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Dada Surrealism is a Response to War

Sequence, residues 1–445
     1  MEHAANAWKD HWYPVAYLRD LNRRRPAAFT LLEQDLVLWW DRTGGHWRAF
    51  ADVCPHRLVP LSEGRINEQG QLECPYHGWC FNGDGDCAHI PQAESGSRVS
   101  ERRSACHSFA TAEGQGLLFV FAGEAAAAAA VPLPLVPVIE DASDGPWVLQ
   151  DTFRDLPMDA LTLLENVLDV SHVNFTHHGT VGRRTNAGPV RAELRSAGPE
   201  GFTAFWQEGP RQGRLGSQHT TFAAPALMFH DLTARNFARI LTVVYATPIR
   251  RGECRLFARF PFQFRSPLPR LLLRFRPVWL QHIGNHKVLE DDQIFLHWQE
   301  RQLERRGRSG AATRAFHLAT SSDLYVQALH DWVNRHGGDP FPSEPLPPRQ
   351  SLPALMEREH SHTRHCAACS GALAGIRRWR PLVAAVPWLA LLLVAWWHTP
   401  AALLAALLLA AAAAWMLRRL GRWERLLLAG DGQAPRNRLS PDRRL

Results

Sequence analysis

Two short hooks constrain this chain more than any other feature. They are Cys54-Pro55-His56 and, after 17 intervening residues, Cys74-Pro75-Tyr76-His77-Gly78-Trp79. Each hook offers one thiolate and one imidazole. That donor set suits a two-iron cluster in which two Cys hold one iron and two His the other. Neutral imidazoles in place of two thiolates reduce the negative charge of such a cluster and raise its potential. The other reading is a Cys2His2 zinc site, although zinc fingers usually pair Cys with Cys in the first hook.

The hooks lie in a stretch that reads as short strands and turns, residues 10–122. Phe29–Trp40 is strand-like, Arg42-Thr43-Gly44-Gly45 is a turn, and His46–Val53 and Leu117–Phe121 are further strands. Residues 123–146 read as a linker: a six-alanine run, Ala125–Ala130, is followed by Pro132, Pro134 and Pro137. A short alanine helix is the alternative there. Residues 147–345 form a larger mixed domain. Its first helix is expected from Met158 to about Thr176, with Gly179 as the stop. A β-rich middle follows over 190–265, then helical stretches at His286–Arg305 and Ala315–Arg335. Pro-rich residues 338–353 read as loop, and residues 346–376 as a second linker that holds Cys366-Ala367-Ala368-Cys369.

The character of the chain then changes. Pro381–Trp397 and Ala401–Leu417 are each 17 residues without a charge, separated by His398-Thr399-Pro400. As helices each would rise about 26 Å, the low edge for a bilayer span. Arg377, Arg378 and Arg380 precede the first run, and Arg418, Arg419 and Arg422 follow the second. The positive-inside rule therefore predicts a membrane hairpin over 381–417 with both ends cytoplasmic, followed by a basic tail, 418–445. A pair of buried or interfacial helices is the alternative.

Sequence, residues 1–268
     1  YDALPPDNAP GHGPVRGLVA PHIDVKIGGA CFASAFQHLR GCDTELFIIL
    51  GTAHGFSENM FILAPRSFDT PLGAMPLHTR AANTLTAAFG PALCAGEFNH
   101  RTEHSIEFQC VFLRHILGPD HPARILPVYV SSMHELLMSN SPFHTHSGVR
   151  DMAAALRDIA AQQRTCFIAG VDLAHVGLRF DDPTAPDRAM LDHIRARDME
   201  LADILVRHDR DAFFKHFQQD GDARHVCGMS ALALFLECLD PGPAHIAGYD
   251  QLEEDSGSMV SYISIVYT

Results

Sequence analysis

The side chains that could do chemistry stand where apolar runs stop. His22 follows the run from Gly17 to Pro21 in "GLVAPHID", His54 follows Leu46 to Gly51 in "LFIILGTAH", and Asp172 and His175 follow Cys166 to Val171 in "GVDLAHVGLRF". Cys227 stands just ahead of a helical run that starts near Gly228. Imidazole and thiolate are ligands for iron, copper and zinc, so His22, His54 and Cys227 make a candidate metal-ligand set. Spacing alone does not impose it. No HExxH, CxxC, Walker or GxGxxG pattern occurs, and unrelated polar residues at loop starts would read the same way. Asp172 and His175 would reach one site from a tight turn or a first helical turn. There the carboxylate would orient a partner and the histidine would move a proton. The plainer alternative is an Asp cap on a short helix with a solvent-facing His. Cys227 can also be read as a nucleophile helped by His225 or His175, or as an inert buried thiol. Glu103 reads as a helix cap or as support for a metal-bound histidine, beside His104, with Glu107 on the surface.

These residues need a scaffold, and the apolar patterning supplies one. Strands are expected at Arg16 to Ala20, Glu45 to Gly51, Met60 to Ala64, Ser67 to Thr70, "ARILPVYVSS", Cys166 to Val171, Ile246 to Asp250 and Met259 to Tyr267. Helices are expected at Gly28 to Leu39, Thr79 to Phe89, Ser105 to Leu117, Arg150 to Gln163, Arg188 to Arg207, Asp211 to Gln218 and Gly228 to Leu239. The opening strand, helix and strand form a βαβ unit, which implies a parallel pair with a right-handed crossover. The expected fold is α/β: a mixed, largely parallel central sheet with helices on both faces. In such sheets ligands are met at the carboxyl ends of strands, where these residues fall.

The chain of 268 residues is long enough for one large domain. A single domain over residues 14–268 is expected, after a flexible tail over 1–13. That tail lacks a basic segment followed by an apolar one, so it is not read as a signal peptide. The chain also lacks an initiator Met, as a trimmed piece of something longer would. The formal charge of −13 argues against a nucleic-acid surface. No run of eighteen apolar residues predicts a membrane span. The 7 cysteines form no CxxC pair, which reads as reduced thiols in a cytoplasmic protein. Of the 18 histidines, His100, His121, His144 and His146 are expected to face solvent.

Dada was an Art movement with its peak in 1916-1920s. This movement was established as a position against the War, and particularly World War I. Artists of this period saw all the negativity and horrors of the war. They also rebelled against the art that predominated thier time. It was a protest against beauty, because art didn't save civilization from wars. The members of that movement organized demonstrations, propagandas, and wrote brochures and manifestos against the cruelty of war. They drew from ideas of Arthur Rimbaund in poetry, and the critical ideas of Max Jacob (who later died in the Nazi concentration camp) and Guillaume Apollinaire. They established the new journal where they wrote anti-war and anti-terror articles, sometimes by using satire. Also the group made different absurd theatrical performances highly criticizing the first World War in Cabaret Voltaire . Tzara, one of the leaders of that group, wrote a lot of articles to different European newspapers trying to point out the tragedy of war. As with the Dada movement, Surrealism was also a reaction to World War I . One of the predominant facts for both movements to create something irrational and surreal. Surrealism inherited a pessimistic and revolutionary mood because of Dada movement . Dada's main artistic idea was to explore various activities and theories, instead of producing actual representational art. The followers of Dada came up with the ideas of irrationality and accidentalness. The 'Law of Chances' created by both Jean Arp and Marcel Duchamp found the artists throwing pieces of paper on the floor and gluing it to the background medium where it fell. Dadaists were very experimental and broke all manner of artistic order and conventions that were established by the masters in art before them. Surrealism inherited ideas from Dada about an anti-consciousness, anti-controlled way of thinking in the process of creating pictures. They preferred to focus on the subconscious mind and feelings. They believed in the power of dreaming (Dali), in intuitive associations, and in the idea of chances (Ernst). Some Dadaist Surrealists used a lot of ideas that most would find absurd and illogical. Dada was a precursor of Surrealism partly due to the fact that some Dadaist artists and poets became Surrealists in their future artistic careers. Examples include painter Max Ernst, the photographer May Ray, and the poet Tristan Tzara. 'Invasion of the Night' is one of the most well- known pictures by Roberto Matta. He was one of the members of the Surrealist group. This rather large (96.5 x 152.7 cm) oil painting was made in 1940, when the artist moved to New York from Paris. Invasion of the Night was made in the biomorphic or abstract Surrealistic style. The use of organic shapes, the absence of strong contrast lines, and a warm palette choice all create the illusion of a dream state. The composition is very unique: it is visually reminiscent of a chessboard. It is not made by lines, but by the smooth transitions of the main two yellow forms in background, and two main blue- greenish forms painted as chess squares. The painting invokes an eerie fear because of the luminous saffron color with white spots in between, and the half-divided horizontal lines causes the canvas to appear as though it has holes in it. Despite the dark connotations, this masterpiece is undeniably amazing. Dada and Surrealism immerse themselves fully in darkness and the unknown, and the genre that eventually took shape has an enduring following of admirers.

 


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